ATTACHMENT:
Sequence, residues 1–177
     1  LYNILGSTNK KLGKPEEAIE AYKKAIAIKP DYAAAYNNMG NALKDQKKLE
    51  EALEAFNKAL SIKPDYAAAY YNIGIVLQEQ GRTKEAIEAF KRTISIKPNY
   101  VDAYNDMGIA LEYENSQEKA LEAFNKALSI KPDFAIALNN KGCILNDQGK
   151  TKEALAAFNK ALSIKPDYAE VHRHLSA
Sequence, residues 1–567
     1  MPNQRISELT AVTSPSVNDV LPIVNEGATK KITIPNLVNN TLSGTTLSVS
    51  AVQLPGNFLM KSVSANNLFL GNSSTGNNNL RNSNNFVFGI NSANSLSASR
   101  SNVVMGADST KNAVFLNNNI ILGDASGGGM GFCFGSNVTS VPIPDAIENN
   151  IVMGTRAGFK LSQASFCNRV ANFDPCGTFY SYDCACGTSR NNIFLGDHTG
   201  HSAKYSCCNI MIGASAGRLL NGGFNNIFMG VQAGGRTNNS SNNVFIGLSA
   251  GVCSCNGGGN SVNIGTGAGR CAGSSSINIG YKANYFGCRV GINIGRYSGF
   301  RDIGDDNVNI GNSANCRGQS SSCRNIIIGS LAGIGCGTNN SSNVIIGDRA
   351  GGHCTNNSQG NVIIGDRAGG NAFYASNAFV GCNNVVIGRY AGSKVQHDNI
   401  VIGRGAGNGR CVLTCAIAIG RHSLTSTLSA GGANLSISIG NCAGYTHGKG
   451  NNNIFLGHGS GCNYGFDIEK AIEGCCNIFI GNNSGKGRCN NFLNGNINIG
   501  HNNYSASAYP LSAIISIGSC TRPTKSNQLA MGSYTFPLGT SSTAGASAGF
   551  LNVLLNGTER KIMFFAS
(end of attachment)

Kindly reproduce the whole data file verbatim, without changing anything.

Sequence, residues 1–177
     1  LYNILGSTNK KLGKPEEAIE AYKKAIAIKP DYAAAYNNMG NALKDQKKLE
    51  EALEAFNKAL SIKPDYAAAY YNIGIVLQEQ GRTKEAIEAF KRTISIKPNY
   101  VDAYNDMGIA LEYENSQEKA LEAFNKALSI KPDFAIALNN KGCILNDQGK
   151  TKEALAAFNK ALSIKPDYAE VHRHLSA
Sequence, residues 1–567
     1  MPNQRISELT AVTSPSVNDV LPIVNEGATK KITIPNLVNN TLSGTTLSVS
    51  AVQLPGNFLM KSVSANNLFL GNSSTGNNNL RNSNNFVFGI NSANSLSASR
   101  SNVVMGADST KNAVFLNNNI ILGDASGGGM GFCFGSNVTS VPIPDAIENN
   151  IVMGTRAGFK LSQASFCNRV ANFDPCGTFY SYDCACGTSR NNIFLGDHTG
   201  HSAKYSCCNI MIGASAGRLL NGGFNNIFMG VQAGGRTNNS SNNVFIGLSA
   251  GVCSCNGGGN SVNIGTGAGR CAGSSSINIG YKANYFGCRV GINIGRYSGF
   301  RDIGDDNVNI GNSANCRGQS SSCRNIIIGS LAGIGCGTNN SSNVIIGDRA
   351  GGHCTNNSQG NVIIGDRAGG NAFYASNAFV GCNNVVIGRY AGSKVQHDNI
   401  VIGRGAGNGR CVLTCAIAIG RHSLTSTLSA GGANLSISIG NCAGYTHGKG
   451  NNNIFLGHGS GCNYGFDIEK AIEGCCNIFI GNNSGKGRCN NFLNGNINIG
   501  HNNYSASAYP LSAIISIGSC TRPTKSNQLA MGSYTFPLGT SSTAGASAGF
   551  LNVLLNGTER KIMFFAS